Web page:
As one of the first to source from Vietnam in 1989 we have amounted the largest collection of superior Spinels to offer our exclusive clients.
Spinels may seem like a recent phenomenon, but their story is as old, as the gems they were mistaken for in the West: RUBIES. Before the Mughals, the gemstones traditionally valued by the natives of Hindustan (India) were rubies, pearls and diamonds. When the Mughal emperor Humayun, returned to Hindustan (India) in the mid-16th century, after 15 years of exile in Persia (Iran), he brought the influence of Persian art & culture, which valued spinels above all gems. As explained by author and historian A. S. Melikian-Chirvani in a 2001 paper, “In Persian culture, red stones were admired because they evoked the light of dusk that filled the sky when the sun had just sunk below the horizon.” These spinels found in many historical collections primarily came from the Kuh-i-Lal mines, which are now in Tajikistan or from Burma. The geographic origin was why many believe spinels were first called ‘Balas-Ruby’ or ‘Balkh-Ruby’. According to a 1996 book by professors A. and S. Biswas however, they proposed that the term was derived from the Sanskrit word ‘Balasuryaka’, meaning the crimson-coloured morning sun.
While the East understood and appreciated the beauty of spinels, for the longest time, the West incorrectly labelled them as rubies (example: Timur Ruby in the English crown). As the science of mineralogy developed in the West, the ‘Balas Ruby’ was correctly identified as a separate mineral, and renamed ‘spinel’. Spinel comes from the Latin word ‘spina’ meaning ‘thorn’, courtesy it’s natural octahedral or double pyramid shape. With the passage of time and fading memories of their esteemed position, spinels became known as the “dealer’s stone” because gem merchants tried in vain to promote it to their customers, who were unfamiliar with the new name and its history. Market sentiment, however, changed in 2007, when an artisanal miner digging in a farmer’s field outside the Tanzanian town of Mahenge, found a pink/red Spinel crystal. Many believe this discovery was responsible for reigniting the desire for this precious gemstone.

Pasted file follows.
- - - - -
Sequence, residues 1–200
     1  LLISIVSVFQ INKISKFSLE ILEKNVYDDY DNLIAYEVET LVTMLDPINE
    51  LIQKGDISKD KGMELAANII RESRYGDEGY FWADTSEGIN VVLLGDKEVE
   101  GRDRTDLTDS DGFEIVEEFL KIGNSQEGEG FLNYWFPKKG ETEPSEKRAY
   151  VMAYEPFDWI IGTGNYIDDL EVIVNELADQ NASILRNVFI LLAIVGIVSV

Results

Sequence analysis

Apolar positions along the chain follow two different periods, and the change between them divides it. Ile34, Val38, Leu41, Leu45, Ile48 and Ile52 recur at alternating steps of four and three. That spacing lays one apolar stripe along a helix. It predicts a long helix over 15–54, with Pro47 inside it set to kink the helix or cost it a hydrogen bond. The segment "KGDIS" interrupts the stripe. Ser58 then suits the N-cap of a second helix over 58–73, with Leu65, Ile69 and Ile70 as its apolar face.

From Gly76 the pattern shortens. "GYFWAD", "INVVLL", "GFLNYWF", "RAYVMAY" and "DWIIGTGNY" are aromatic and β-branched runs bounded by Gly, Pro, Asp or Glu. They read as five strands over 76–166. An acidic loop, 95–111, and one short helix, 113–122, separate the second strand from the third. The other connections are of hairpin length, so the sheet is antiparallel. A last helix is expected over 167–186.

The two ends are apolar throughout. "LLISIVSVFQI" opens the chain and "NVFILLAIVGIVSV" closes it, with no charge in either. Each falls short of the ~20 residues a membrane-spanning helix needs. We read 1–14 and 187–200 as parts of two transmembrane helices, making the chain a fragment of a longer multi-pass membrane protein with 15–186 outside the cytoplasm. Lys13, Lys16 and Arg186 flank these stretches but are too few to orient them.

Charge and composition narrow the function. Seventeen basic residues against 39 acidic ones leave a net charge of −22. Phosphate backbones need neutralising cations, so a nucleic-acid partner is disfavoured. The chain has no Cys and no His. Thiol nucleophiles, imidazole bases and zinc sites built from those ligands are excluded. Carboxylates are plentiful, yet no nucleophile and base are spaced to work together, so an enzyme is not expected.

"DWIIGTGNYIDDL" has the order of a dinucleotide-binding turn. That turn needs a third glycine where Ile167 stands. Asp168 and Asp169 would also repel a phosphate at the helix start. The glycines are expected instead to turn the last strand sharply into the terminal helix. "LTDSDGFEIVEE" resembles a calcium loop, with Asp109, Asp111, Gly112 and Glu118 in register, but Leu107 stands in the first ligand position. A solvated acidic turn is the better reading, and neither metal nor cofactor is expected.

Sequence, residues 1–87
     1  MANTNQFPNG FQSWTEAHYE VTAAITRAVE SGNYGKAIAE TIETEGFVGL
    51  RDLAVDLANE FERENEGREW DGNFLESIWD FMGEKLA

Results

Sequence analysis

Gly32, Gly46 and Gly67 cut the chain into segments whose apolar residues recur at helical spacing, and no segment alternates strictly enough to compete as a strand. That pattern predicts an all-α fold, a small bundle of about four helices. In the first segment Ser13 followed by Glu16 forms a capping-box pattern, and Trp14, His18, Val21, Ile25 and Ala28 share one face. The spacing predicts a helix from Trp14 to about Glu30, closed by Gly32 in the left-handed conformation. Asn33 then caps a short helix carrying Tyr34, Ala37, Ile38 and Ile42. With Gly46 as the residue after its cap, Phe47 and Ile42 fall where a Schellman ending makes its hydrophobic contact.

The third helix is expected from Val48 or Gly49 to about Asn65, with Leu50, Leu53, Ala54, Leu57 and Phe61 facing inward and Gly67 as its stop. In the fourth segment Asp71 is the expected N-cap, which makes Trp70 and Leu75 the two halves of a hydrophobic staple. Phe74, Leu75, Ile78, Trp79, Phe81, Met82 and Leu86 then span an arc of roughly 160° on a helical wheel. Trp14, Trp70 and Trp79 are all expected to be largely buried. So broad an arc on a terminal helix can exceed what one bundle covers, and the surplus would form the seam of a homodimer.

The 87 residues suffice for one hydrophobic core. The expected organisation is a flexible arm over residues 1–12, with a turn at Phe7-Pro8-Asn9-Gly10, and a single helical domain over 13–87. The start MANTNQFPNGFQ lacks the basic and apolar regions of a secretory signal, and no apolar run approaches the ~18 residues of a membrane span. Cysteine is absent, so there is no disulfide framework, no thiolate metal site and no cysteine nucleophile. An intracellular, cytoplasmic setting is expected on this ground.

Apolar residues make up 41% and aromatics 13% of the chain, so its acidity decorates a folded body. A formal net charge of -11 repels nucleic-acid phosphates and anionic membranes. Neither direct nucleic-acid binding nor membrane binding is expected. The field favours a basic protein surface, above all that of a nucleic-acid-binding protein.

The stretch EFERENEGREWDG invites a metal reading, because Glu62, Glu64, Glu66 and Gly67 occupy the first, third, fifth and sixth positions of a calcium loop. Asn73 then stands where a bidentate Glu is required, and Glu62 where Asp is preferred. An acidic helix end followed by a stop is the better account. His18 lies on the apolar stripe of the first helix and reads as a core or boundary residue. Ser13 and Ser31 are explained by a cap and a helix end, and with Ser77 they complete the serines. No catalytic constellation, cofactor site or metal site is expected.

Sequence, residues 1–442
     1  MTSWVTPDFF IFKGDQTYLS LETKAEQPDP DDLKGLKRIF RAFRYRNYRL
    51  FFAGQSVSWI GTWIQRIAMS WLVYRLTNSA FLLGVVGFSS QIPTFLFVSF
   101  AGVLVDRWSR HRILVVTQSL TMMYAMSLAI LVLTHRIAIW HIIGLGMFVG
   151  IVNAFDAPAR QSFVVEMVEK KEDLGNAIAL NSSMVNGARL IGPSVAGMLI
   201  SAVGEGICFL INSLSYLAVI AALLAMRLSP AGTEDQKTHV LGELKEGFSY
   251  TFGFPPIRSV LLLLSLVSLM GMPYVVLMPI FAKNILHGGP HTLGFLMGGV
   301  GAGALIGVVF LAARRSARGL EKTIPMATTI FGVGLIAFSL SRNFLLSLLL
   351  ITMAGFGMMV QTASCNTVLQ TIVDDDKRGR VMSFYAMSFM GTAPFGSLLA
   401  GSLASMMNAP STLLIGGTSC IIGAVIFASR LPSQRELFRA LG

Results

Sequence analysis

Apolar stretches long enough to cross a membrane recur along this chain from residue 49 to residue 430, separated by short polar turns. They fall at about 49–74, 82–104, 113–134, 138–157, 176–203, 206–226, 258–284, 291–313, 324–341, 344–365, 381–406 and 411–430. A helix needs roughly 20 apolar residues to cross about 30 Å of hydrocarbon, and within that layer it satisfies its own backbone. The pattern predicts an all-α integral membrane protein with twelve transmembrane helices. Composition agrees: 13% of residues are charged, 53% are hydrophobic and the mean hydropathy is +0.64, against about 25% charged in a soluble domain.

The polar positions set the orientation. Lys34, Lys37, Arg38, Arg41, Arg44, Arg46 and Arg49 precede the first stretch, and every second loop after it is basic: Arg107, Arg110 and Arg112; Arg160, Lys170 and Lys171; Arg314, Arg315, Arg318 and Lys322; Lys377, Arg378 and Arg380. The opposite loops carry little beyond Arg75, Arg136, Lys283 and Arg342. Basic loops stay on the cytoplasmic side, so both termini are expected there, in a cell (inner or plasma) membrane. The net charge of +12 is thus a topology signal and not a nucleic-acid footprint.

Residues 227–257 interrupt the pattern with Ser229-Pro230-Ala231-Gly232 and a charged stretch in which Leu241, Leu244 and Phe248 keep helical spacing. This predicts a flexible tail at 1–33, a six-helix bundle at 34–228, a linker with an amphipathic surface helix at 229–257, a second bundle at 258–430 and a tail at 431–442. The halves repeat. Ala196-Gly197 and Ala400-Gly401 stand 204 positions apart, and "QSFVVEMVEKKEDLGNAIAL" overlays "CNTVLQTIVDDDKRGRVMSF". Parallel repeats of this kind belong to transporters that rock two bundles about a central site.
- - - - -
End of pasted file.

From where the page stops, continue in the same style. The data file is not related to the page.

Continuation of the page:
We started specialising in Spinels over 15 years ago. This early focus gave us a first-mover advantage in a competitive environment creating deep-rooted relationships with miners and quality suppliers in the source countries. The years spent studying and understanding the material has led to the development of our superior quality of cutting with spinels.
Our co-founder, Joe Belmont, shares his insights, “Spinels are the perfect blend of the sparkle of diamonds and the vibrant nature of a coloured gem. Since they belong to the cubic crystal system (like diamonds), they singly refract light, or light enters the stone in a single line and exits the same way, making their appearance constant in terms of colour. For example, red spinels are fluorescent like rubies and glow in the UV light of the sun during the day. Our objective with this material is to cut it in a manner where we enable our clients to enjoy the gem not only during the day but also capitalise its ability to hold colour in the dim evening light and shine bright like a diamond.”
Some other points to highlight regarding spinels are as follows:
- Versatility – Rating 8 to 8.5 on the MOH’s hardness scale, spinels work for all categories of jewellery, offering great possibilities to designers.
- Colour Preferences:
- When it comes to colour, red spinels are the most coveted and Cobalt blue spinels are the rarest. In top-grade, red spinels can fetch the same price as an untreated ruby.
- Vivid pink that is loupe clean, good cutting in 1 to 6 carat can be the equal value as pink sapphire (no heat) in bright pink colour.
- Other coveted colours are the electric cobalt blue (probably the rarest) mainly found in Vietnam and Sri Lanka, the highly fluorescent ‘man-sin’ spinel from Burma (Jedi spinel), hot pink ‘Mahenge spinels’ from Tanzania.
- The grey spinels have recently become popular among jewellery designers with some in the industry terming them as ‘Dior-grey’.
- Other colours popular in the growing spinel-segment are: orange, bluish-green, blue, lavender, purple and paler pinks, black and unusual mixtures of different hues.
- Some spinels also display colour-change effect and asterism/star effect when cut in a cabochon style.
While most remain untreated, the growing popularity of spinels is tempting the marketplace to experiment with treatments. At KV Gems, we specialise only in top-grade, untreated spinels, delivering the most exceptional quality, exhibiting superior cuts and polish. We believe the prominence of spinels will only grow with the increasing auctions of historic spinel-laden jewellery and as more fall under its hypnotic spell.